2004-11-26 / Columnists

‘Birth’ – Born Again

By Robert Snyder

It took years for Nicole Kidman to make “Eyes Wide Shut,” but with her new film, “Birth,” she may have made it again.

Directed by Jonathan Glazer and co-written by Jean-Claude Carrièrre (a Luis Bunuel collaborator), “Birth” shares much of the inscrutable plotting and painstaking pacing of the Stanley Kubrick’s swan-song. It’s also about the inability to let go of a long-lost lover, which is interesting because after “Eyes,” Kidman’s marriage broke up with co-star/husband Tom Cruise.

In “Birth,” rich-pampered Anna (Kidman) is still pining over the sudden death of her husband, Sean, a decade earlier. She lives the spacious Manhattan townhouse owned by her matriarchal mother, Eleanor (Lauren Bacall), where she is pursued by the persistent, inwardly ugly Joseph, who has somehow forced her into an engagement. Also under Eleanor’s roof at the moment are Eleanor’s other daughter, Laura (Allison Elliot), who is pregnant, and her husband, Bob (Arliss Howard).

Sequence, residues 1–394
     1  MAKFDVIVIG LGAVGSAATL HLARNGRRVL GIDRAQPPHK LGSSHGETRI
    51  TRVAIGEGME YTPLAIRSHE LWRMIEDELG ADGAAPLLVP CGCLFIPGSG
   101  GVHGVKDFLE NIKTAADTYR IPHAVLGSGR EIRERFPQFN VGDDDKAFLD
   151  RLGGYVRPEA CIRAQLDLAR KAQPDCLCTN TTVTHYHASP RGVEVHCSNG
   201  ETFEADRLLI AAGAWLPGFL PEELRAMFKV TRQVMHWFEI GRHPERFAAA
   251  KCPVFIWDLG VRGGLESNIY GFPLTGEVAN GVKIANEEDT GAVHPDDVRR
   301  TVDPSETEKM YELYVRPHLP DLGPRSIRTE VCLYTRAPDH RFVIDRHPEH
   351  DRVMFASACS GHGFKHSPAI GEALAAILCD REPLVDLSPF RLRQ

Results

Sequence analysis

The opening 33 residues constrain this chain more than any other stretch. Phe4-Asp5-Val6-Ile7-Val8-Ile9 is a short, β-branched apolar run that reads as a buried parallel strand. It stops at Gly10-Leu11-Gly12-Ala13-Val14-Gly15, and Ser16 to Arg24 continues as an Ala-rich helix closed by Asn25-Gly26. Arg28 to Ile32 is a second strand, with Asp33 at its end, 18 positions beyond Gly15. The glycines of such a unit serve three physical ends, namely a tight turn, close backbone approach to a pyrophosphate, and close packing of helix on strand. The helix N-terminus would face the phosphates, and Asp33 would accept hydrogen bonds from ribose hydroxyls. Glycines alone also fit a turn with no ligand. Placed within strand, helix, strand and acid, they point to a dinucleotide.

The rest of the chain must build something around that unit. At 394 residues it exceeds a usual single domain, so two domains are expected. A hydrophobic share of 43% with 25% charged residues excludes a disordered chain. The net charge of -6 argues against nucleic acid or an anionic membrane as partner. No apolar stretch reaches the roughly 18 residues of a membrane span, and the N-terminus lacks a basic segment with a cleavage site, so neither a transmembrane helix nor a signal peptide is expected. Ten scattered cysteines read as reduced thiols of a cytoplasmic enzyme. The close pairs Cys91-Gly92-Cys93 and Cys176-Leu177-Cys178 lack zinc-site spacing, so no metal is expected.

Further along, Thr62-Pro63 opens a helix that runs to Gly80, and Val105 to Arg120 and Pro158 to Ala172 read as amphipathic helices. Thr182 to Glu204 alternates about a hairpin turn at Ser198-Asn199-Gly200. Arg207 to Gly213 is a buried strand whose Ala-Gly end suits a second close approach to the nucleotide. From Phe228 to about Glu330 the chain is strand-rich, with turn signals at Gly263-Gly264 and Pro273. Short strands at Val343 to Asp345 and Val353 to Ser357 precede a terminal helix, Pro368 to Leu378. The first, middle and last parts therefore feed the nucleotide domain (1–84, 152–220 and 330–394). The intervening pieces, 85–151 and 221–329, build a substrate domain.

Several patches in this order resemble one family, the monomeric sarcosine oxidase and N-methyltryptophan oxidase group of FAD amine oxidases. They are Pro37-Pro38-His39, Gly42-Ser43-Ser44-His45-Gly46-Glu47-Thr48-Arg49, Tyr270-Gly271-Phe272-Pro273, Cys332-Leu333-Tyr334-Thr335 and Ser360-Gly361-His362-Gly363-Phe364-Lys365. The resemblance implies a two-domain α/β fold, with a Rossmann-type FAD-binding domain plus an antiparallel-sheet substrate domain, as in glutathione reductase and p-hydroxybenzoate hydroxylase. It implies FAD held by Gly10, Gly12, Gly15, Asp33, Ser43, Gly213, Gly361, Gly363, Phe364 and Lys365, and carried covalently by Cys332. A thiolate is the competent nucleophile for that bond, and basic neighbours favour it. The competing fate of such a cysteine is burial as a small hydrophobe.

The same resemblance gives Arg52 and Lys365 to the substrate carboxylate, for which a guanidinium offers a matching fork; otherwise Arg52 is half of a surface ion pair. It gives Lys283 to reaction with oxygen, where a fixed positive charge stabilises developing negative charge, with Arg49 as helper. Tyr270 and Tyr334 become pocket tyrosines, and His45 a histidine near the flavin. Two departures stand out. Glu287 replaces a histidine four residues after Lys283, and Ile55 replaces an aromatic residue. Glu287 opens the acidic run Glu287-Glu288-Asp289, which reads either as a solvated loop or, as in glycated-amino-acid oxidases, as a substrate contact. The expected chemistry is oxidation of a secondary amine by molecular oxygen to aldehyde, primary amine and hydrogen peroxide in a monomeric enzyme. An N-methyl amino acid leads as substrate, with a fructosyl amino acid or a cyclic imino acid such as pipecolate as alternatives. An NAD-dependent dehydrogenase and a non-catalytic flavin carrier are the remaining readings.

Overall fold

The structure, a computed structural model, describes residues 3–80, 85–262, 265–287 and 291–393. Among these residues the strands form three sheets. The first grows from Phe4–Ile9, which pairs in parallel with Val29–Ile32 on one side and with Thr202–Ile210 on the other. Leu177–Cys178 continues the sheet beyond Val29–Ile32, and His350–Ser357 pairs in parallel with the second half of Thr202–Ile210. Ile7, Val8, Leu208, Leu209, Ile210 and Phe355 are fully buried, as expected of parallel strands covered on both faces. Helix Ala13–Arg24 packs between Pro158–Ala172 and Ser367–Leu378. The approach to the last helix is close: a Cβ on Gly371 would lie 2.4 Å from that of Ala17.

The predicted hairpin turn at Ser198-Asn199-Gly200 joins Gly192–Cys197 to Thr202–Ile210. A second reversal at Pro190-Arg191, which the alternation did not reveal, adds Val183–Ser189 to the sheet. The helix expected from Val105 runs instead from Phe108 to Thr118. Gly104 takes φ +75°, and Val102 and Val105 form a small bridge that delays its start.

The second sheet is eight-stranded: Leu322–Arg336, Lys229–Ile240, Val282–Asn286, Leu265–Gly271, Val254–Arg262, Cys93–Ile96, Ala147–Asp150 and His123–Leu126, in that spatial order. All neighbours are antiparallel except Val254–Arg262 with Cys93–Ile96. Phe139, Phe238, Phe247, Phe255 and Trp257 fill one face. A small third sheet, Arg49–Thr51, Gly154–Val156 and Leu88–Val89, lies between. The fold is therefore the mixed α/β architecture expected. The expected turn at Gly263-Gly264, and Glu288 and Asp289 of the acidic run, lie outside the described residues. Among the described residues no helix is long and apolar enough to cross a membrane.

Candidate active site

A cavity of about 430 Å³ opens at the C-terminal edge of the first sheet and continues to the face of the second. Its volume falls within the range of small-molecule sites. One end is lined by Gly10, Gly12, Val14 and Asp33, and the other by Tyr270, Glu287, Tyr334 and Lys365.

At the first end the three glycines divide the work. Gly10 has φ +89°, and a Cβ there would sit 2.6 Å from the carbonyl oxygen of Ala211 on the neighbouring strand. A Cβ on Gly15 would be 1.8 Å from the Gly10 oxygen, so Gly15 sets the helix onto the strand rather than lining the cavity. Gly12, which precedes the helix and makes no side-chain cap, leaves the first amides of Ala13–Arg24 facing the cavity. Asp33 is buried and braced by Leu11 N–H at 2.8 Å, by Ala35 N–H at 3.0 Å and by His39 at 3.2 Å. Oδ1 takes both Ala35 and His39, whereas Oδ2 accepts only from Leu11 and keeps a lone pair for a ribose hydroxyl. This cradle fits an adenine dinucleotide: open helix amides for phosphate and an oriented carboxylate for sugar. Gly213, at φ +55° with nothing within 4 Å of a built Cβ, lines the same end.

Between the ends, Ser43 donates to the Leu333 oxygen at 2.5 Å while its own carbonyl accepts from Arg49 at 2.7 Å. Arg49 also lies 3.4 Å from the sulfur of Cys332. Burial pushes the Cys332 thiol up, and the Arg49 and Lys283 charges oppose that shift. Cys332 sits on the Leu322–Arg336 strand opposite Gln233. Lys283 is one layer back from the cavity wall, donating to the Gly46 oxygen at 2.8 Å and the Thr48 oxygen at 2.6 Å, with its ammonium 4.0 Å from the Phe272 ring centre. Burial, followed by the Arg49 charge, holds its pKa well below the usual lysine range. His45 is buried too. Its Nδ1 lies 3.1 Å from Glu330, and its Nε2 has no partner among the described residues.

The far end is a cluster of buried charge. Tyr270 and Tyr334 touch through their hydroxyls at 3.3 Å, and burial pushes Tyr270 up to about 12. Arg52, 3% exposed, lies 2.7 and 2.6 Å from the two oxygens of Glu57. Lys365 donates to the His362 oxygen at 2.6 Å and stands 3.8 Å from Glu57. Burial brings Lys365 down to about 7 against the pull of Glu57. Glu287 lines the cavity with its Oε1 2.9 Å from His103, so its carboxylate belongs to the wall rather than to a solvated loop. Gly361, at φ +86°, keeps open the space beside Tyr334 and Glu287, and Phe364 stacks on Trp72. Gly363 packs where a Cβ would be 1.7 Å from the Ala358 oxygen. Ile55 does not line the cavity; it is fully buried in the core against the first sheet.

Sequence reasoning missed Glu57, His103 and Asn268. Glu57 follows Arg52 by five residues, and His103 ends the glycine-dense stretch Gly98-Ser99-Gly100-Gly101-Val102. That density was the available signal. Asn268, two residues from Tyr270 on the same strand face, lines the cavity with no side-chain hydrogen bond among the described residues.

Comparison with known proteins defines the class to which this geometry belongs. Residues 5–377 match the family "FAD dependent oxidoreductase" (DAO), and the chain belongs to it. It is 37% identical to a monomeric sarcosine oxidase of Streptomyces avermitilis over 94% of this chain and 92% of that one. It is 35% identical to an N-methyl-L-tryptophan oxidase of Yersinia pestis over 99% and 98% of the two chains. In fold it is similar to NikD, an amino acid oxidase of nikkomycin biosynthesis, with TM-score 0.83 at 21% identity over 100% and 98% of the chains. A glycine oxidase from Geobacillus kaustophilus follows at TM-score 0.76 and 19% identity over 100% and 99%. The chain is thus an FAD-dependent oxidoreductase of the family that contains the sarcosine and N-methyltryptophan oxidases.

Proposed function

In this upper-class dysfunctional mix comes the supernatural in the form of a 10-year-old boy named Sean, who claims to be the reincarnation of the first Sean and therefore, he says, the husband of Anna. While the revelation seems laughable, young Sean stands firm in his belief and, under interrogation, appears to know a heck of a lot about the decade-long dead spouse. Behaving more bizarrely than convicted pedophile Mary Kay Letourneau, Anna embraces the belief that the boy is telling the truth and lets him stay with her for a night. Even stranger than Anna’s action is that Sean’s parents put up with it, as does Eleanor. Why no one calls a psychiatrist can only be attributed to Hollywood logic, yet the surreal story winds its wacky way through 100 minutes until its incomprehensible ending. Among the unorthodox highlights is the notorious bathtub scene with Anna and the boy, where he excuses his entry into the water by saying, “I want to see my wife’s body.” During this and much of the other movie moments, I kept my eyes wide, but wished they had been shut.


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